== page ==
Yes, we’ve been gone. Where we’ve been — poetry workshop, rehab, hiking the Appalachian Trail? — doesn’t matter. What matters is that we’re back, and our team of interns has diligently kept track of the nuptial triumphs and travesties that have occurred in our absence. We’ve identified the very best of the best couples from this spring, and hereby present the top five pairings for your edification and enrichment:
I am a self-proclaimed family man. My wife and I have open communication about everything, whether it is small things such as who is going to take out the trash, to bigger things such as communicating our sexual desires.
We’re all in favor of open communication about sexual desires, but why does this Thomas Cooley law grad want to share it with those reading his bio?
My Marriage Matters is a non-profit organization that strongly believes in the union of marriage. We acknowledge there are infinite obstacles that stand in the way to a happy, long-term marriage but we encourage couples to work through those obstacles together. Divorce should not be considered an option when you decide to say “I do”.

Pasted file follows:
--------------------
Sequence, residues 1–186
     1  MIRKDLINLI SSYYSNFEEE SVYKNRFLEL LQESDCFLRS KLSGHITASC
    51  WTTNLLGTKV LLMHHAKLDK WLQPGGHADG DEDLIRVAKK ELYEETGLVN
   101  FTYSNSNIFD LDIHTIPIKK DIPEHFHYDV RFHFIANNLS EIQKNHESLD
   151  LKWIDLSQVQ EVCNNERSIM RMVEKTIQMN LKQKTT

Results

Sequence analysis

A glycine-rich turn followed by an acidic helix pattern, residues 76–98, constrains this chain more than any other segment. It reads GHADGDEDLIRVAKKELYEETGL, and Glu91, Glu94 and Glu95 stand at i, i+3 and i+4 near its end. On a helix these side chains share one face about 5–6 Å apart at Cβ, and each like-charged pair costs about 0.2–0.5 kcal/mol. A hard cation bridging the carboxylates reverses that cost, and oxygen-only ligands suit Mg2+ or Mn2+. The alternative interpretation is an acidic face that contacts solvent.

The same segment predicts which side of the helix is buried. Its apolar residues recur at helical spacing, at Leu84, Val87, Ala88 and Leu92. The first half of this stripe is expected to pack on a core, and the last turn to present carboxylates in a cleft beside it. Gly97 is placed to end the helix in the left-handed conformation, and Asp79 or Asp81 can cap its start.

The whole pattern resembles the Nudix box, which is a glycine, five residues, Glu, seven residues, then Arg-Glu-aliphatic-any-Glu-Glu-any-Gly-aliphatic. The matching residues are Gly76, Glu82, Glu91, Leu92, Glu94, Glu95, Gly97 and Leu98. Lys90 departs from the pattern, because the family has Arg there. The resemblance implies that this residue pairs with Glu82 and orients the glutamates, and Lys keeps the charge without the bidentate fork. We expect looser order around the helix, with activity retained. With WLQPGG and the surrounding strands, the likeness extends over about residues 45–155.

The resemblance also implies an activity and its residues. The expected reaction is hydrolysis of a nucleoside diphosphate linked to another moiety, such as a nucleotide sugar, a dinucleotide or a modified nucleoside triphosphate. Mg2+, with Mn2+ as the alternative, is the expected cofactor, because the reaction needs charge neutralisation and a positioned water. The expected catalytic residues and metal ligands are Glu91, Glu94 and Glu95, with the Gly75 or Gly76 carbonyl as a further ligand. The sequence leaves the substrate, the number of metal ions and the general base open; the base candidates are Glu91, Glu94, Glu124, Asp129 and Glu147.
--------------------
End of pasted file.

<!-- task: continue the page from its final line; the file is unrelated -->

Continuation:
So what kind of attorney is Ryan Hill? A divorce attorney.
When one starts digging, this all gets stranger and stranger…
Supreme Court clerks continue to flood the NYT wedding pages this month, creating grim LEWW odds for mere-mortal Cornell grads and Skadden associates. Like Troy playing Florida or North Texas playing Alabama, these folks are welcome to suit up, but the only question is how bad their whuppin’ is going to hurt.
Here are your three finalist couples for the week:
There was no LEWW last Friday because last week’s wedding pages were even bleaker than the Biglaw employment news. We’ve bounced back nicely, though, because Valentine’s Day fell on a Saturday this year, making this week’s weddings section a February feast of premium nuptial news.
We present three outstanding couples for your consideration: